"This is the first demonstration of a mechanism that explains why PSA is a bad thing for a tumor to produce," said senior author Sal Pizzo, M.D., Ph.D., chair of the Duke Department of Pathology. "I am willing to bet there is also a connection in cancerous cell growth with this particular biological signaling mechanism happening in other types of cells."
Using human prostate cancer cells in a laboratory culture, the team found that an antibody reacts with a cell surface receptor called GRP78 on the cancer cells to produce more PSA. The PSA arises inside of the cancer cell and then moves outside of the cell, where it can bind with the same antibody, called alpha2-macroglobulin (á2M).
The PSA forms a complex with the antibody that also binds to the GRP78 receptor, and that activates several key pathways which stimulate cancer cell growth and cell movement and block cell death.
The study bolsters the case for measuring PSA as a marker of tumor progression, as well as for monitoring for á2M antibody levels.
"The use of PSA to make the initial diagnosis of prostate cancer has become controversial over the past decade," Pizzo said. "I personally believe PSA is more useful as a progression marker, particularly with a baseline value on record at the time of the original therapy. A rapidly rising value and/or a very high value is reason for concern. I also believe that monitoring the serum for the appearance of antibodies directed against GRP78 is also a good marker of progression."
Pizzo said that the findings could yield cancer therapies that block the á2M-PSA complex from stimulating the cell receptor signaling cascade, and that his laboratory is investigating possibilities. He said the findings also might yield new kinds of early-detection tests for prostate cancer.
The study will be published in the Jan. 14 edition of the Journal of Biological Chemistry.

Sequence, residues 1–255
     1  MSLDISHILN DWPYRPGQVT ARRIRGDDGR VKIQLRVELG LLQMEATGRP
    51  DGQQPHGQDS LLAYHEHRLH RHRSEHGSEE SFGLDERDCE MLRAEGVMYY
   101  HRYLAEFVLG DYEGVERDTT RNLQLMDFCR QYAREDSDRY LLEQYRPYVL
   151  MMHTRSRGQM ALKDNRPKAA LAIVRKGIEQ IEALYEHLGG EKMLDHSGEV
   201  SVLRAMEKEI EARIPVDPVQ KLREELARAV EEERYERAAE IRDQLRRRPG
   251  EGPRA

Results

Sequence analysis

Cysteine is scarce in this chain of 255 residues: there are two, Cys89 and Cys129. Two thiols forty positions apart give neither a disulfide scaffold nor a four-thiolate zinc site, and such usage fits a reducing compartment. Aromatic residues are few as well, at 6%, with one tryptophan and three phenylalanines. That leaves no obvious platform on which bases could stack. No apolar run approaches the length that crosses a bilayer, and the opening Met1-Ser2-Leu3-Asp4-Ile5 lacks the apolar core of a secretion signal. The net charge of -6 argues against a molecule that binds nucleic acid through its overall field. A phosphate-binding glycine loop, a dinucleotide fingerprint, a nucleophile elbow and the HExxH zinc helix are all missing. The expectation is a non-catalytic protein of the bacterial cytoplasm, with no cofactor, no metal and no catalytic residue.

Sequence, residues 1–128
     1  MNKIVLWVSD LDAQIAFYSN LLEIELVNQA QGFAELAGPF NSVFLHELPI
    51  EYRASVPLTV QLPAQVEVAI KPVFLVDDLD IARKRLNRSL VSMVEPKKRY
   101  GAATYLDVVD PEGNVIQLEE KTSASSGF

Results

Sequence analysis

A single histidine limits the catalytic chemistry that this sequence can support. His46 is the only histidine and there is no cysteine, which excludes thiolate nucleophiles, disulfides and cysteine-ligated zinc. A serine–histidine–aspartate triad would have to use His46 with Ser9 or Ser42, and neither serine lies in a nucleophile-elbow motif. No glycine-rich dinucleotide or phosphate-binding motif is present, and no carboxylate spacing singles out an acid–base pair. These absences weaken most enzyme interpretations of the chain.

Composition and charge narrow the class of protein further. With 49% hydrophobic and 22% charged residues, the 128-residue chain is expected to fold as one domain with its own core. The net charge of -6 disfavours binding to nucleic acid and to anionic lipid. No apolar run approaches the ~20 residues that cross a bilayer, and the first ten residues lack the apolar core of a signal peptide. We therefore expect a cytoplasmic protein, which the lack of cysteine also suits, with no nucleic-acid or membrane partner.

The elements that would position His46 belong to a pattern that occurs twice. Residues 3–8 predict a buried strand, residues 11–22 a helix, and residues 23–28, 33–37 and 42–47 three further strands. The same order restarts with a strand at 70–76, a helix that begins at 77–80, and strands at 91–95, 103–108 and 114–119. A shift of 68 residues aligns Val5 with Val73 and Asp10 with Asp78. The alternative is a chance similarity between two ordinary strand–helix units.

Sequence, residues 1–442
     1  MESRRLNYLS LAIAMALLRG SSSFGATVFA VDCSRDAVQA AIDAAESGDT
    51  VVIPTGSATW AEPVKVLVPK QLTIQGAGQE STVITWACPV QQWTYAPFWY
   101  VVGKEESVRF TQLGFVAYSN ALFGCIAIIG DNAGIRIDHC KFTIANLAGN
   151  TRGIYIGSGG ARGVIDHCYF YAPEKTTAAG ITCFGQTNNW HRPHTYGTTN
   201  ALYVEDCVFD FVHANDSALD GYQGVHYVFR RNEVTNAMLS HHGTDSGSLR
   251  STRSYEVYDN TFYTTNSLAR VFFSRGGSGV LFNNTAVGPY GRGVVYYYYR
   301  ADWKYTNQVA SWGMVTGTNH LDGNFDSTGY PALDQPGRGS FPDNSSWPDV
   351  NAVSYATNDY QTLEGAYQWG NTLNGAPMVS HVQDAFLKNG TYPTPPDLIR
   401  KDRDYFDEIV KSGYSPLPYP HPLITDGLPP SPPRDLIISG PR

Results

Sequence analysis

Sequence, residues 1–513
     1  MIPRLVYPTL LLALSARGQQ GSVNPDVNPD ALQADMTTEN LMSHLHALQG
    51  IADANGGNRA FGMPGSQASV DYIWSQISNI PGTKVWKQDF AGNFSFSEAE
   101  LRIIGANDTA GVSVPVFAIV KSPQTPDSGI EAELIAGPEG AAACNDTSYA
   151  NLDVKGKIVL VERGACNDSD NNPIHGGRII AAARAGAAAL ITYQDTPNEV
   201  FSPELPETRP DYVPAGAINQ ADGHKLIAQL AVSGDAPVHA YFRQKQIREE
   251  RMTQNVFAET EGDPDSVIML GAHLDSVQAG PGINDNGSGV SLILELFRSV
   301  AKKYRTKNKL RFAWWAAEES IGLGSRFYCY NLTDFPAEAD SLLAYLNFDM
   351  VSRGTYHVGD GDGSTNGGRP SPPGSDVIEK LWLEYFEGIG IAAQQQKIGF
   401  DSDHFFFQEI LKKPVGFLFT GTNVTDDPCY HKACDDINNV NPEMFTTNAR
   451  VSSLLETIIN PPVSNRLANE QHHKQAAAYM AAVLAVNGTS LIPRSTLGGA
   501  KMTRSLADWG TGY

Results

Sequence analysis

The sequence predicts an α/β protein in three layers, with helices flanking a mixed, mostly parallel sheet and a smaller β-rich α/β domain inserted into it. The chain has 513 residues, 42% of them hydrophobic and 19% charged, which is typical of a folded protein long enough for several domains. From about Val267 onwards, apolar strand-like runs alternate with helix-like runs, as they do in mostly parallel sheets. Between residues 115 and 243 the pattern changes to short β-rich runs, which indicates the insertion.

Pizzo credits lead author and signaling pathway expert, biochemist Uma Misra, Ph.D., with deducing that PSA may be involved in a signaling feedback loop that promotes more aggressive behavior in the human prostate cancer cells.
"If you were a cancer cell, you would like to turn on cell growth, turn off the process of death by cell apoptosis and you'd like to be able to migrate, and when the á2M antibody binds with the protease PSA molecule, all of that happens," Pizzo said.
Years ago, Misra discovered the GRP78 receptor on the prostate tumor cell surface, the receptor that binds the á2M antibody and the á2M-PSA complex.
"We were surprised to find that this complex binds with the protein GRP78, because we thought the GRP78 molecule only lived deep inside the cell, where it was busy taking improperly folded proteins and helping them to fold properly," Pizzo said. "It was a surprise to find GRP78 on the cell surface, with other functions. Based on the dogma of the time, we didn't think that GRP78 could function as a receptor. Even when we identified it, I doubted our findings."
Pizzo said that since Misra first made the observation about GRP78 working as a receptor, "it has turned into a cottage industry. GRP78 receptors have been discovered on many other cancer cells, including breast, ovary, liver, colon, melanoma and lung cancer cells."
"This is going to be a generic phenomenon to tumors," predicted Pizzo, who is also working to learn more about this receptor in other types of cancer cells. "Not all tumors will express GRP78 on their cell surfaces, but when they do, it probably will be a harbinger of a bad outcome."
"I think we will find that nature favors conservation and it makes sense that the body uses the same types of molecules for different purposes," Pizzo said. "We are beginning to see more of this in other studies, and I predict we will see many more instances."
The other co-author on this paper is Sturgis Payne, also of the Duke Department of Pathology. Funding for the current study came from a small fund from the Duke Department of Pathology.
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